Congressman Michael T. McCaul is currently serving his eighth term representing Texas' 10th District in the United States Congress. The 10th Congressional District of Texas stretches from the city of Austin to the Houston suburbs and includes Austin, Bastrop, Colorado, Fayette, Harris, Lee, Travis, Washington and Waller Counties.
Republican Leader of the Foreign Affairs Committee
At the start of the 116th Congress, Congressman McCaul became the Republican Leader of the Foreign Affairs Committee. This committee considers legislation that impacts the diplomatic community, which includes the Department of State, the Agency for International Development (USAID), the Peace Corps, the United Nations, and the enforcement of the Arms Export Control Act.
In his capacity as the committee’s Republican Leader, McCaul is committed to ensuring we promote America’s leadership on the global stage. In his view, it is essential the United States bolsters international engagement with our allies, counters the aggressive policies of our adversaries, and advances the common interests of nations in defense of stability and democracy around the globe. He will continue to use his national security expertise to work to counter threats facing the United States, especially the increasing threat we face from nation state actors such as China, Iran, Russia, North Korea, among others.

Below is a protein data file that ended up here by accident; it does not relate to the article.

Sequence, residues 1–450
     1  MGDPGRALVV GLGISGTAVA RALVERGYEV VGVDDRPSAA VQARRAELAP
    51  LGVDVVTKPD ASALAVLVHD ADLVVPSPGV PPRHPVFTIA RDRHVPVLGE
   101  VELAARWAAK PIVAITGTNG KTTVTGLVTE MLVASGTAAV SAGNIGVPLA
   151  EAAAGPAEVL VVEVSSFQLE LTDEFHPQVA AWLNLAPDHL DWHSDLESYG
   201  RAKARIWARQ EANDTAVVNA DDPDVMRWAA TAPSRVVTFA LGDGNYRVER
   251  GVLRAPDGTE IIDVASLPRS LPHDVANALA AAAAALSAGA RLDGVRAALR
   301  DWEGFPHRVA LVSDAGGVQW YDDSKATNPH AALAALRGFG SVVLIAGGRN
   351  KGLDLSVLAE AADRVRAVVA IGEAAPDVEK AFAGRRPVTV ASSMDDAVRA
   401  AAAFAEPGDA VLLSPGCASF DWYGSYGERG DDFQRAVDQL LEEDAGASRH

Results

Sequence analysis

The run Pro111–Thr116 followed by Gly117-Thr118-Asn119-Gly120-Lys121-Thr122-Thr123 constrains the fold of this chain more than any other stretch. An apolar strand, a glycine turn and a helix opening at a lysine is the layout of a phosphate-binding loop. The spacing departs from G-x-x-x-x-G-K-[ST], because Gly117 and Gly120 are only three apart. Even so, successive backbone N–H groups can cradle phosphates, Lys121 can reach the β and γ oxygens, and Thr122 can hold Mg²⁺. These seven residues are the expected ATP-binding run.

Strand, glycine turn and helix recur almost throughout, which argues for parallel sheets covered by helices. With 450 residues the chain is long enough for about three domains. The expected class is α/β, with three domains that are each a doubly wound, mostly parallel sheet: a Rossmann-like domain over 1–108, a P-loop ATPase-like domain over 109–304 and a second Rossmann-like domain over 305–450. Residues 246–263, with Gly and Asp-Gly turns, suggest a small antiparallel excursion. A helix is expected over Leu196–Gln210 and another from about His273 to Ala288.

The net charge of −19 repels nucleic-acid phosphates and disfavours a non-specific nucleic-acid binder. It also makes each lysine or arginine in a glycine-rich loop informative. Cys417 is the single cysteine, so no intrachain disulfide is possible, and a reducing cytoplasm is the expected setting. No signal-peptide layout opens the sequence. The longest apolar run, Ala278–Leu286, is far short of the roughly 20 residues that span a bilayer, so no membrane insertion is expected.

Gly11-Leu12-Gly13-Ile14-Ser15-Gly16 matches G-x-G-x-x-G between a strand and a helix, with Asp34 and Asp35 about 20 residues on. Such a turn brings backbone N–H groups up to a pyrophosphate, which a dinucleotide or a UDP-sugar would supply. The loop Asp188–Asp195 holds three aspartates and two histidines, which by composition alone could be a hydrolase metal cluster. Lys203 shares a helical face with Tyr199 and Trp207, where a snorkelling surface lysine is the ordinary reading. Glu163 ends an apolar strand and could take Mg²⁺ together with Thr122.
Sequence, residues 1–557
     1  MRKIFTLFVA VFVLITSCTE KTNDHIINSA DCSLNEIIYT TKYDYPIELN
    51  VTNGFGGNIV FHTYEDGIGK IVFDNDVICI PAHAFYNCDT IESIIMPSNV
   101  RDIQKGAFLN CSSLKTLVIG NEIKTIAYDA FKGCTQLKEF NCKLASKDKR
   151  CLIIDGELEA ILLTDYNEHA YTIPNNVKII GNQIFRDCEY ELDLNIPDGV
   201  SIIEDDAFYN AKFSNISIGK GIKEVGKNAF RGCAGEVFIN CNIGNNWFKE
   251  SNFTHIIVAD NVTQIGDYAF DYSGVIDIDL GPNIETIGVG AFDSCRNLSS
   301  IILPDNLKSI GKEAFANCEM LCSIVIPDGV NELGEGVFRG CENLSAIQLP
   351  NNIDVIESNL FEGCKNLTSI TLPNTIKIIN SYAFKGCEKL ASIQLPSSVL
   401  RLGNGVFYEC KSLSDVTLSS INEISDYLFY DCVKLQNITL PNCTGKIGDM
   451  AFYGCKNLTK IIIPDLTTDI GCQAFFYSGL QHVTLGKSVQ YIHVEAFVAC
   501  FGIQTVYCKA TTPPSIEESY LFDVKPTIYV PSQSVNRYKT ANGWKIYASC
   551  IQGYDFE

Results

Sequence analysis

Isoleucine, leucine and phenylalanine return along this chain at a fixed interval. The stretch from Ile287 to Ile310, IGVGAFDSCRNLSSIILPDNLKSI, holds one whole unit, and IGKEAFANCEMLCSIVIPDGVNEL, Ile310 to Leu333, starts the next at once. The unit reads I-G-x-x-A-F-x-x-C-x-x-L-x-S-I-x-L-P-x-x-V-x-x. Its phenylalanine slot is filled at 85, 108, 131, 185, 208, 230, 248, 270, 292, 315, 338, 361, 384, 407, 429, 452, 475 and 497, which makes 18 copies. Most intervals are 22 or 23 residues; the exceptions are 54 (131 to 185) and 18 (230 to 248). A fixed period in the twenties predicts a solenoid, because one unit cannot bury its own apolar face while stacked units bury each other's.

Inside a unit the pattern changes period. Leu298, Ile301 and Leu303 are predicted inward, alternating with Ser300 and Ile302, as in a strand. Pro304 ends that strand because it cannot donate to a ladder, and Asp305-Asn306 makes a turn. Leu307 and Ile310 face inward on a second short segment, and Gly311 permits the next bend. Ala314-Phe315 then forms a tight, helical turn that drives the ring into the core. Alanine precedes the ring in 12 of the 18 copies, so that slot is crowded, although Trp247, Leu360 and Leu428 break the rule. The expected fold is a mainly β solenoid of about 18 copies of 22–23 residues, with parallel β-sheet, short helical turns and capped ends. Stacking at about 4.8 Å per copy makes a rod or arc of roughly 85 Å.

Former Chairman of the House Committee on Homeland Security
Prior to being term-limited, Congressman McCaul served as the Chairman of the House Committee on Homeland Security during the 113th, 115th, and 116th Congresses. As Chairman, McCaul introduced numerous bills to ensure to the Department of Homeland Security has the best policies and resources to carry out its vital mission of protecting the American people.
A list of Congressman McCaul’s most recent accomplishments from the 115th Congress:
- Cybersecurity and Infrastructure Security Agency (CISA) Act: This legislation was signed into law on November 16, 2018 to streamline the current structure of the National Protection and Programs Directorate (NPPD) and re-designate it as the Cybersecurity and Infrastructure Agency (CISA) to more effectively execute cybersecurity and critical infrastructure related authorities.